The Burtons were commissioned to erect ‘edifices suitable
to the reception of genteel families’, but Gill Metcalfe wonders
if they’re now past their sell-by date?

All the Burton children practised archery on the archery ground at the bottom of West Hill Rd. St. Leonards

With the partial collapse of the ceiling of the Marina colonnade on the St Leonards seafront, it’s perhaps the time to look again at the legacy of James Burton and his son Decimus. Have these buildings, constructed in record time more than 150 years ago, reached their sell-by date? Was he a jerry-builder, desperate for quick a return to support his large, and growing family? Most definitely not! 

A Georgian DFL with strong London connections
The many houses, institutions, porticoes, arches and colonnades that the Burtons built in London, St. Leonards and Tunbridge Wells (and throughout the country) are monuments to the days when the classical beauty of proportion in town planning was equal to considerations of practicality. Our architectural heritage deserves our constant attention and upkeep – it’s our inheritance and responsibility – and the Georgian and Victorian eras bequeathed some wonderful examples to us.

It is usually the Victorians who amaze us with their dynamism, vision and overriding confidence.  But James Burton was born in 1761, firmly rooted in the Georgian era. He was a builder and property developer, ‘probably the most significant builder of Georgian London’ (and certainly of St Leonards-on-Sea). By the time he died in 1837 – the year Queen Victoria came to the throne – he had built over 3,000 properties.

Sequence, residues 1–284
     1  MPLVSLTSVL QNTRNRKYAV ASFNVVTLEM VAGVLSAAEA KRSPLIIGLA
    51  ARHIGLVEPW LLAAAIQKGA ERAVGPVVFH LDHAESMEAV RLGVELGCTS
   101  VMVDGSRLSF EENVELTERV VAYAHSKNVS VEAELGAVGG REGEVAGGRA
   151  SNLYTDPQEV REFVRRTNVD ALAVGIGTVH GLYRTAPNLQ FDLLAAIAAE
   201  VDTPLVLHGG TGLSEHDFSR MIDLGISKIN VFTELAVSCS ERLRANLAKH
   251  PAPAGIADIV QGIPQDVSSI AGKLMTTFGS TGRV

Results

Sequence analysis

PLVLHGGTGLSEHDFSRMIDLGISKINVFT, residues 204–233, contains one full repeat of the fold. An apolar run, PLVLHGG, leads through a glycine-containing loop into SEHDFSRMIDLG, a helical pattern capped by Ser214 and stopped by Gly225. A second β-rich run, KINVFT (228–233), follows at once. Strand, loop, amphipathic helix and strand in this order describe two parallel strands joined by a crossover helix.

19th century draftsman instruments

James Burton married his wife Elizabeth at 22 and they went on to have twelve children – six sons and six daughters. Many of these children had distinguished careers; including an Egyptologist and physician.  His tenth son, aptly named Decimus, trained as an architect and worked on and off with his father. The famous Georgian architect, John Nash, promoted Decimus’s early career in return for James funding the Regents Park development. In fact, much of the design work as well as for other famous classical mansions in London was later attributed to Decimus Burton rather than to Nash. 

St. Leonards. And how did it all begin?
It was James who had the idea of building a seaside resort in St Leonards-on-Sea. His plans started taking shape in 1828 when he negotiated the purchase of a strip of coast west of Hastings and part of what was Gensing Farm. This included the wooded valley and lake of Old Woman’s Tap Shaw, the picturesque setting for fine houses and villas built around what is now St Leonards Gardens. Although primarily a builder and developer, he designed many of the buildings himself. His son Decimus later purchased acres of adjacent land and in 1850 began a second phase of the development including the Mount, the Uplands and the Lawn, including landmark buildings such as North Lodge.

Mechanics and explosives
James was a man of many interests. During the Napoleonic wars, he financed and raised a troop of 1,600 skilled mechanics, The Loyal British Artificers, and appointed himself Colonel. It is not clear what he intended to do with them – a sort of Dad’s Army to defend us against French invaders? He also founded a gunpowder manufacturing company, at Powdermills, with his son William, later run by his nephew Alfred – who later became Mayor of Hastings.